Lithium is a critically important metal for the batteries essential in electronics such as automobiles, smartphones, computers and many weapons systems and components. A secure, reliable and steady lithium supply is critical for a modern economy and the military.

Yet, a steady, reliable supply is far from guaranteed; it is threatened from several directions. China is the world’s leading processor of battery-quality lithium. China has aggressively and successfully pursued lithium deposits and mines worldwide. A primary concern of this material control is the potential risk to the lithium supply chain for various geopolitical goals.

Phoenix had 19 days (and counting) in a row with temperatures over 110 degrees. The effects of climate change are here. India and China continue to increase their coal production and coal electrical plants. These plants will most likely operate for at least 30 years. Do we really want to depend on China to reduce global warming?

Luckily, Australia, the world’s largest raw lithium producer, remains fiercely independent. There is no indication of any potential undue government interference with lithium reserves or production. There is intense environmental and labor law oversight. But for now and the foreseeable future, there is no questionable government interference with a free supply chain. 

The same, unfortunately, cannot be said for South America. The large lithium deposits and mines in Argentina, Bolivia and Chile remain under threat of various government controls, including the consideration in Chile of nationalization.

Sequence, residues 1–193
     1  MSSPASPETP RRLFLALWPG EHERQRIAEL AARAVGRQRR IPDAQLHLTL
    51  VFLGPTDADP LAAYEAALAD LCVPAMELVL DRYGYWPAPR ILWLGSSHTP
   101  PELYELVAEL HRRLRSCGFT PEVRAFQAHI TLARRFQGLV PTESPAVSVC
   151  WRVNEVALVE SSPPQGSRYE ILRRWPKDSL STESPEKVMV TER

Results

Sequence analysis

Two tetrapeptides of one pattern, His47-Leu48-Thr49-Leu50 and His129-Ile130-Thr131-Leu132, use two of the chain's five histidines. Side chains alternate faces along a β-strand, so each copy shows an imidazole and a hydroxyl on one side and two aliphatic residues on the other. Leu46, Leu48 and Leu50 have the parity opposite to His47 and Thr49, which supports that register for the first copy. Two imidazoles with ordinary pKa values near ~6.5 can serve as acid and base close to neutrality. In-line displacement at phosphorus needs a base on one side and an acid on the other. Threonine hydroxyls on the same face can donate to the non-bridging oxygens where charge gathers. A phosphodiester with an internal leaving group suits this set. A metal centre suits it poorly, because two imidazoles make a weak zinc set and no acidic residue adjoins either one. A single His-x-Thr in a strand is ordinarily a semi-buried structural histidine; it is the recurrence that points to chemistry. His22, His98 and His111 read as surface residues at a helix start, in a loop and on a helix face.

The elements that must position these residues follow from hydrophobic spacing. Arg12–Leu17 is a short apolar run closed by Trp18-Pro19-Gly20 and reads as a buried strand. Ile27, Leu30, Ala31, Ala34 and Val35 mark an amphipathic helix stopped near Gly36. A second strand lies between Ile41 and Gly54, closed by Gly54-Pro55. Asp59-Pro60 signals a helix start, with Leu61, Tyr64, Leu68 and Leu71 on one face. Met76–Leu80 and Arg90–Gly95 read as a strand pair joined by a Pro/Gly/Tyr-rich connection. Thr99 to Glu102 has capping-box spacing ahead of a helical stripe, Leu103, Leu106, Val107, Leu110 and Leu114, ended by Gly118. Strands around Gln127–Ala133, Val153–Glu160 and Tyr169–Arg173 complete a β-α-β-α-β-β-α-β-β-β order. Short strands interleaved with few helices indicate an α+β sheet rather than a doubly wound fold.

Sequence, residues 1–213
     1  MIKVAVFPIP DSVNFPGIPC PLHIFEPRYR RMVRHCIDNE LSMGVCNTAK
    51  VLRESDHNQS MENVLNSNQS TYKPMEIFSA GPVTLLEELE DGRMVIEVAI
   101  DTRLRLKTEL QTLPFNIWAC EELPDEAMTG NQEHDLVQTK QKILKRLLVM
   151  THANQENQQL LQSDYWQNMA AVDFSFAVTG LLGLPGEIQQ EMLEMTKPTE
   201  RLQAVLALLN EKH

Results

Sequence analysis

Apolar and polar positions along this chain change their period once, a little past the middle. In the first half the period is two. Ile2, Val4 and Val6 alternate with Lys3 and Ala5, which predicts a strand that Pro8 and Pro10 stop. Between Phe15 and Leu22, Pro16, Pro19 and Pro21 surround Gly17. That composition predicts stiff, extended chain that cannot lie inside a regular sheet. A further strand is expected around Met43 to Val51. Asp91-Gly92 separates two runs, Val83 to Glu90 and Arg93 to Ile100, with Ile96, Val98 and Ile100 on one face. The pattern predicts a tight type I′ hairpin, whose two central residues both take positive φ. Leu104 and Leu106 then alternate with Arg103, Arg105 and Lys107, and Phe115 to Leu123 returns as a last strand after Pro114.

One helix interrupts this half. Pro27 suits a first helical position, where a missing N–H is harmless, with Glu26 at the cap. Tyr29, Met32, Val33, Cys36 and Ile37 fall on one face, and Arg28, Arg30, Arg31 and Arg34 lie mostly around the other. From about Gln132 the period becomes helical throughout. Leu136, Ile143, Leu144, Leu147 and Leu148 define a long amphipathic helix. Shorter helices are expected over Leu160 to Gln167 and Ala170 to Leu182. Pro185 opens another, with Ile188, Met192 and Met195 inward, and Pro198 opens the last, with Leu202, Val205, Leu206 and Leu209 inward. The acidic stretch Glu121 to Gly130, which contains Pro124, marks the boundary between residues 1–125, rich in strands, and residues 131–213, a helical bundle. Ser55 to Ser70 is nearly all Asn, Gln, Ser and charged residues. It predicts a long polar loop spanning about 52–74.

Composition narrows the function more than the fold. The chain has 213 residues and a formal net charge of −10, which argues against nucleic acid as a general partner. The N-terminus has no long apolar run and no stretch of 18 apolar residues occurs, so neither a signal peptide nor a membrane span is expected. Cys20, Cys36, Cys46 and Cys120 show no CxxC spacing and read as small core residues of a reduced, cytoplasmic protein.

What happens to the reliability of the supply chain under those conditions remains murky at best.

Domestically, the Silver Peak mine near Tonopah, Nevada, remains the only lithium mine in the United States. Fierce opposition to the Thacker project, a potentially large lithium mine in northern Nevada, leaves it uncertain whether bringing this project into production will be possible. Relentless opposition by some environmental groups and Native American tribes makes it more unlikely that this project — with its potentially large, secure, domestic supply chain — will ever come into production. The irony of groups strongly opposing domestic lithium production can hardly be overlooked. The unwillingness of Native Americans to consider economic benefits in return for a temporary land disturbance is similarly disappointing.

The stunningly slow and cumbersome domestic mine permitting is mainly responsible. One wishes the administration and Congress would take swift and decisive action to speed up mine permitting by minimizing the delays caused by various endless appeals.